Marshall Pass is a mountain pass in the Sangre de Cristo Range in Colorado. It crosses the Continental Divide as part of the Denver & Rio Grande Western Railroad’s transcontinental route from Denver to Salt Lake City. Completed in 1881, the railroad line saw the daily Shavano passenger train until its closure in 1955. Sounds innocent enough, right? Wrong. Lurking on these tracks is the sinister legend of the phantom train that loomed over the Pass until its last day.
Train engineer, Nelson Edwards, who was operating a passenger train in the early 1880s thought that on this particular night the night appeared to be blacker and the air felt colder. Feeling anxious Edwards continued despite hearing an earlier report of a defective rail and hazardous bridge. Edwards heard a train whistle echoing among the rocks, snow, and ice, and applied the brakes. Annoyed, the conductor asked Edwards, “Why?” Edwards then sanded the tracks and continued on his way.
Still hearing the whistle of what he thought was a wild train, Edwards opened the throttle to climb the mountain to avoid a collision. He told the conductor to warn the passengers then chanced crossing the defective rail. Before crossing the pass, Edwards looked back at the wild train and saw an engineer leaning out of the engine’s window with an evil grin upon his face. As Edwards approached the dangerous bridge, he crossed without trouble while the other train continued racing toward him. He passed through switch nineteen without a problem, and looked back again at the coming train. At that moment, he saw the train topple down the canyon. He heard no cries from passengers so he assumed there weren’t any.
When Edwards pulled into town he saw this haunting and misspelled message written in the frost of his cab window: “A freight train was reck as yu saw. Not that yu will never make another run. The engine was not under control and four sexshun men wor killed. If yu ever run on this road again yu will be recked.” Needless to say, Edwards resigned from the Denver & Rio Grande that morning, thus creating the legend and myth of the phantom train.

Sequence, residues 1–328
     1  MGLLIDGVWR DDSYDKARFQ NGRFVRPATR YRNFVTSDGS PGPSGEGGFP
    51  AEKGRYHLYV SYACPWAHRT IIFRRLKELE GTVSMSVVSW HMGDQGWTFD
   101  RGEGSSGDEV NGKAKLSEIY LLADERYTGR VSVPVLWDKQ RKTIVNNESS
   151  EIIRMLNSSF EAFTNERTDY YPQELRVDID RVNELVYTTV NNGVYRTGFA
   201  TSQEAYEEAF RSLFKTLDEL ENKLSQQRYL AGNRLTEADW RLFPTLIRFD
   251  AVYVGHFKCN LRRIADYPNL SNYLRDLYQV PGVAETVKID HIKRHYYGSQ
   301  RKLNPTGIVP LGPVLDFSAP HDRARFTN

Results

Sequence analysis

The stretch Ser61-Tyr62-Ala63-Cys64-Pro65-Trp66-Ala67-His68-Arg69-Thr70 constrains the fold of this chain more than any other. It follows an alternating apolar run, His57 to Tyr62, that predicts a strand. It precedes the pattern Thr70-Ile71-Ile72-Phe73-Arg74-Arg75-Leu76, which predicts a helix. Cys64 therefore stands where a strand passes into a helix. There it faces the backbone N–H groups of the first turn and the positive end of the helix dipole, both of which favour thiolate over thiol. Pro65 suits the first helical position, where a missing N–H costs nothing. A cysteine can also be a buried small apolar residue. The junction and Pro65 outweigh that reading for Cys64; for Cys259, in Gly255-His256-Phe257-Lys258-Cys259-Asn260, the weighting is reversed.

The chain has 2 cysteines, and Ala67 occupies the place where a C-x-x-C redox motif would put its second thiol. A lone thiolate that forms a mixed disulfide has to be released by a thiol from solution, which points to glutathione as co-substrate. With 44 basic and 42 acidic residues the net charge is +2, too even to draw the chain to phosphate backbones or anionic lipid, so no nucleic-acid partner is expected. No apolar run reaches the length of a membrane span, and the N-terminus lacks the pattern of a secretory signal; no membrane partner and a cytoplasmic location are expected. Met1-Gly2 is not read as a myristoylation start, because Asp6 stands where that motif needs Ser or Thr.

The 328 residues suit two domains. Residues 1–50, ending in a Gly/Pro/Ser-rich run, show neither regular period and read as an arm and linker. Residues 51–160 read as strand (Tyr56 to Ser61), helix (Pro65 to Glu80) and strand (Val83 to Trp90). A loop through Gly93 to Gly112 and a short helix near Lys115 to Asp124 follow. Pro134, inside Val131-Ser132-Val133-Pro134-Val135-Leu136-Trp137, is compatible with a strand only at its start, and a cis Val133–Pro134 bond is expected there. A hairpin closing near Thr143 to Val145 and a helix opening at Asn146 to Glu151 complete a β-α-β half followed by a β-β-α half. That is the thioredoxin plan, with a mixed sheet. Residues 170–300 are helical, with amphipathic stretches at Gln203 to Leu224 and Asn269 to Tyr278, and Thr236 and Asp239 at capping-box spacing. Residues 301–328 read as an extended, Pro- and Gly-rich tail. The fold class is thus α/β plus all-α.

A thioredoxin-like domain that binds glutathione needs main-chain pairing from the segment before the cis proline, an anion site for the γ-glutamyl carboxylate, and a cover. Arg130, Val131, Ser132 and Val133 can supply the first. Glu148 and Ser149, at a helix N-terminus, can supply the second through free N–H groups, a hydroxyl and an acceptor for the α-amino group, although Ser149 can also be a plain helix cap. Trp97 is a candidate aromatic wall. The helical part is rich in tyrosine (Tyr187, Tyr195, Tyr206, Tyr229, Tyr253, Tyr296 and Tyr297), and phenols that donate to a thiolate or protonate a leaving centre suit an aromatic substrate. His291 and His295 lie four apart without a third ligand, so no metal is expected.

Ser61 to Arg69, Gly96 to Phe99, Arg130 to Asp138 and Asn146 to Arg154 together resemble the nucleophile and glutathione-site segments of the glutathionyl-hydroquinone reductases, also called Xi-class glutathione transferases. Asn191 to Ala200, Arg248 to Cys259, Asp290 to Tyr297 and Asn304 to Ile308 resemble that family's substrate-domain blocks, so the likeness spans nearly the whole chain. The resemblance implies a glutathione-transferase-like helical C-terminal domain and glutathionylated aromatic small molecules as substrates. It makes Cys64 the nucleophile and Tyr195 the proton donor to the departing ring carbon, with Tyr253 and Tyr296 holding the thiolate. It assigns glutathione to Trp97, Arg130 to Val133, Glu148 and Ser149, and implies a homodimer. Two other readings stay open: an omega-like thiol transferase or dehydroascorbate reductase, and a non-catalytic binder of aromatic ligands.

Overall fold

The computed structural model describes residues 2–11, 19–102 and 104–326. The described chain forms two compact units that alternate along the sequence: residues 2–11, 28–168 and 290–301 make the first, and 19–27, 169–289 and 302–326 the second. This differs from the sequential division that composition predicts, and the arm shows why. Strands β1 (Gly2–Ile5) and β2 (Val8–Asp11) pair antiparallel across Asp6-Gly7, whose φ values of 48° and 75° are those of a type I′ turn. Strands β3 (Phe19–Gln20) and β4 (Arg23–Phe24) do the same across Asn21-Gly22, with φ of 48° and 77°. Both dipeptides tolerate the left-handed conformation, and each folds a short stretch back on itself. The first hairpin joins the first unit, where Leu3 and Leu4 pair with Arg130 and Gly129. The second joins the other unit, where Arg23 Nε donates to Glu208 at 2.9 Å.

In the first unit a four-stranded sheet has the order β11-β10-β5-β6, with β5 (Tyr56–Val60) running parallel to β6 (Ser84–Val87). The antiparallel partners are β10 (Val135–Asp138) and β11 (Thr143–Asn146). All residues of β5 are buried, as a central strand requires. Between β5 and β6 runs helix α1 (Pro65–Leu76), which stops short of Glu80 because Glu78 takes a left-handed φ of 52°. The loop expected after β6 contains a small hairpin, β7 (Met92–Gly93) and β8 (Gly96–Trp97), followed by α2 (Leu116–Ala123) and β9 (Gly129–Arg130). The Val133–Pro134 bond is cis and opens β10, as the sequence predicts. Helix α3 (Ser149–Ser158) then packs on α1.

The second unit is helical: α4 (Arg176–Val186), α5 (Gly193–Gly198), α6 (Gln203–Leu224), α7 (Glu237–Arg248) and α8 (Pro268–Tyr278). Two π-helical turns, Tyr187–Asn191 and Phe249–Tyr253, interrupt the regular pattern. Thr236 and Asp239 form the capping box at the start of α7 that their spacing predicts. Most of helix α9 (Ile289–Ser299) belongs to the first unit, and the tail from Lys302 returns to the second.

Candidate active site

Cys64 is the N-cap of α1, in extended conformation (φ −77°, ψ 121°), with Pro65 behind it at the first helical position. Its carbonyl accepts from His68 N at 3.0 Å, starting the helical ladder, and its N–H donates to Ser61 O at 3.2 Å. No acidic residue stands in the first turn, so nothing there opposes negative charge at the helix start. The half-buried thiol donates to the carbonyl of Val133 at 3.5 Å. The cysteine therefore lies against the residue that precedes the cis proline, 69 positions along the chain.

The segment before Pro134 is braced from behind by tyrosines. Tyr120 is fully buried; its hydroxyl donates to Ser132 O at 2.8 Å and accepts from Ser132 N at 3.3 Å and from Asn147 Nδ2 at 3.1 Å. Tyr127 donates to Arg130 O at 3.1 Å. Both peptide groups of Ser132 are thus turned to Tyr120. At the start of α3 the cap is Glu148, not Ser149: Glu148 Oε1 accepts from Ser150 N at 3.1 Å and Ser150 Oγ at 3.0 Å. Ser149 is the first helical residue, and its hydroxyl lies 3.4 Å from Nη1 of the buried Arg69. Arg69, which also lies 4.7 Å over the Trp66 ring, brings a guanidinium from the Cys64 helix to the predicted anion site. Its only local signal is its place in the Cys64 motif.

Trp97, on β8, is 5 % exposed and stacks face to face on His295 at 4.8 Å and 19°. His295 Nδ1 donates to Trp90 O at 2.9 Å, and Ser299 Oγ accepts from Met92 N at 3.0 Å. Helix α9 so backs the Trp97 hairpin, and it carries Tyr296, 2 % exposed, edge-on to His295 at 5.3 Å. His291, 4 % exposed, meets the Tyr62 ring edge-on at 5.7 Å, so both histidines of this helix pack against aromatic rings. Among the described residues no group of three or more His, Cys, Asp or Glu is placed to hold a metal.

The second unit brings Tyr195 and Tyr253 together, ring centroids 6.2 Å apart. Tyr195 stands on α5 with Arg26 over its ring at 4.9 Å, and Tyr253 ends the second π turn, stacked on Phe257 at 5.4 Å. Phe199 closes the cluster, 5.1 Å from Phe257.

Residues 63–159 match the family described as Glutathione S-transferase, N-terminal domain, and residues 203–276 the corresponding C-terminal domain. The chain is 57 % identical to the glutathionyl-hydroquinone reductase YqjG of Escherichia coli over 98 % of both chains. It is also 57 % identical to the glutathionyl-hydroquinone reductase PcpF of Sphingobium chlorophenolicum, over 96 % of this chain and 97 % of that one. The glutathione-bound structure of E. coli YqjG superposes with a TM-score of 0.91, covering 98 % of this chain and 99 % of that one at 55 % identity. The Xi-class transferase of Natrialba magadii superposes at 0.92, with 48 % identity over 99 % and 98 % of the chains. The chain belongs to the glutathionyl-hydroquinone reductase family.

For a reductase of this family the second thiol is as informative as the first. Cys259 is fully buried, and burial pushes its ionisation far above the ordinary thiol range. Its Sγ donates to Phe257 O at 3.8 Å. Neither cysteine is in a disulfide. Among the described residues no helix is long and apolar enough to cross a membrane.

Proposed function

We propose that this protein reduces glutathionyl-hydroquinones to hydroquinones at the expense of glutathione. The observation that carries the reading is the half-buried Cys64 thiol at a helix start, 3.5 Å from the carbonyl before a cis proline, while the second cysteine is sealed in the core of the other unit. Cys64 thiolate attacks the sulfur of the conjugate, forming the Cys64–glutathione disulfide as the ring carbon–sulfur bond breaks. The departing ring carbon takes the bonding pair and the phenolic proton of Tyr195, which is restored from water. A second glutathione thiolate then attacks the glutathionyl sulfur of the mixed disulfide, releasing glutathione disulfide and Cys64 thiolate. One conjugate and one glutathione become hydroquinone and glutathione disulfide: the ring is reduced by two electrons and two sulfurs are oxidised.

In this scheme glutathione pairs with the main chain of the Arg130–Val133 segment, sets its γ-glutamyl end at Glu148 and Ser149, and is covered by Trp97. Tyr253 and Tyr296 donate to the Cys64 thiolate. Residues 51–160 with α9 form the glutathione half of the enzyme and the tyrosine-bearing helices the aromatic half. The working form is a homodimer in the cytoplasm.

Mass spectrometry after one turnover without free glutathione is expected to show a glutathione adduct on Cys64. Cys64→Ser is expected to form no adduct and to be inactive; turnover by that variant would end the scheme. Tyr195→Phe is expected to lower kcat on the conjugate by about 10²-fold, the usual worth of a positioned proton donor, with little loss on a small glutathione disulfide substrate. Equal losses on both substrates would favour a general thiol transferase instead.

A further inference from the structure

With their debut EP, Phantom Train, The Marshall Pass is creating a legend of their own. A duo from Worcester, Massachusetts, consisting of multi-instrumentalist Duncan Arsenault and singer Craig Rawdings this seven-song collection started as Arsenault’s personal project after the passing of his friend and singer/guitarist, Scott Ricciulti. Deeply effected by Ricciulti’s death, Arsenault gave the tracks to friend Craig Rawding who wrote the lyrics which led to the creation of Phantom Train.
Phantom Train is a wonderfully textured soundscape that brings to life the landscape and environment of the west and Marshall Pass. It echoes, whistles, and glides like a ghostly train through the spacious and pristine sound of rugged folk. Rawding’s edgy vocals and Arsenault’s crisp instrumentation also help to mirror the pass for which they take their name; taking the listener on a journey through the peaks and valleys, or in this case, canyons of life, and climbing out of the depths of despair without ever hitting a musical low.